Hoping to protect local restaurants as they cope with the ever-changing pandemic economic landscape, the City Council’s Economic Development and Technology Committee unanimously passed a recommendation Wednesday to limit third party delivery company fees charged to Pasadena restaurants.
‘This is an attempt to assist our local businesses, prevent their downswing and increase transparency for our local restaurants in general,” said Committee Chair Victor Gordo.
The recommendation will now move to City Council next week for consideration.
Third-party delivery services such as Grubhub, Postmates, DoorDash and UberEats, charge fees to restaurants that can reach up to 30% or more per order, according to a city staff report.
Local restaurant owners to city officials in a survey on the issue last week that those fees swallow their operating margins.
Said one owner, “After a (third party delivery service) takes their commission, and our overhead is paid, we do not make enough of a profit. A cap is necessary for us to continue utilizing a third party delivery service, and given current operating conditions, it is imperative that we are able to offer delivery as an option.”
Deliveries also strip tips out of the process.
“With third party delivery services, restaurant workers aren’t tipped, as the customer tip only goes to the driver,” said another owner.
Should the recommendation be approved by the Council, City Manager Steve Mermell would prepare a local emergency supplement with a temporary cap on commission fees charged by third party delivery service to retail food establishments in Pasadena.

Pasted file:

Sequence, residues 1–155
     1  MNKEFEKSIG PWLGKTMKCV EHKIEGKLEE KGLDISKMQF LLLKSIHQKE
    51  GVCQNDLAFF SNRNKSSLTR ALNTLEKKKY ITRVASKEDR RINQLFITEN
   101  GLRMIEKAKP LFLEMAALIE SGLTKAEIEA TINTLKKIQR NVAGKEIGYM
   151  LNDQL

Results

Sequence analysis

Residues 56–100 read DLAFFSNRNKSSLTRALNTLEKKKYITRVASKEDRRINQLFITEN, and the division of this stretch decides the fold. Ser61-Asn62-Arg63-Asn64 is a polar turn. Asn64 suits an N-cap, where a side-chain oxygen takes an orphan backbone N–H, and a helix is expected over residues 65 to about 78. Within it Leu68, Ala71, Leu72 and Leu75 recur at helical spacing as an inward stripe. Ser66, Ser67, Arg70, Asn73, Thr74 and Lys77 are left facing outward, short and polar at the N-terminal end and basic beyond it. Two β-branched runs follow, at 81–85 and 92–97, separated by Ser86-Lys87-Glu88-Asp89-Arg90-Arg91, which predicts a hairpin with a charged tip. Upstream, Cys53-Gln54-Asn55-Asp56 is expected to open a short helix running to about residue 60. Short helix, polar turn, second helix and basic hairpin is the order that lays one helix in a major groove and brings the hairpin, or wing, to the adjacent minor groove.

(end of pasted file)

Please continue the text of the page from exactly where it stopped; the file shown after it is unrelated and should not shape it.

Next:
The recommendation also would require that delivery services disclose to the customer each fee charged through a transaction totaling no more than the allowable percentage cap. The local emergency supplement would also require that the drivers receive the entire gratuity if paid by the customer.
Michelle Garrett, Economic Development Special Projects Manager, explained to the Committee that third-party delivery services have two revenue streams. One comes from the restaurant and another comes from the consumer, and fees vary from company to company.
A restaurant pays a third party delivery service of about 25 to 30% of a bill, and those commission fees can include a menu fee, which represents the actual charge for the food on the order, as well as a commission fee, the fee charged by the delivery service to the restaurant for the use of their app, as well as credit card processing.
The proposed cap on fees would only affect the fees charged by delivery services to the restaurants, and would not affect existing consumer fees.
Committee member Councilman Andy Wilson expressed concern that the salary or commission paid to drivers was small, pointing out that on a thirty-minute, 5-mile order, the driver might only make just over $9, “for half an hour or so, that’s maybe less than minimum wage.”
Economic Development Director Eric Duyshart responded that Governor Newsom is pushing AB5, the controversial 2019 “Gig Workers Law,” which would essentially create full-time employees from delivery drivers, and confer certain benefits, basic rights and protect protections under the laws, such as minimum wage workers compensation, if they’re injured on the job, unemployment insurance, paid sick leave, and paid family leave.
However, three delivery companies — Uber, Lyft, and DoorDash — have been gathering voter signatures to rewrite the law with a statewide ballot measure in November.
The council is basing its fee cap on the L.A. County’s fee cap, but will meet Monday, before the County Board of Supervisors meets to decide on the amount of fee cap, County-wide. Pasadena’s fee cap may then be modified by the city manager, should the council approve it.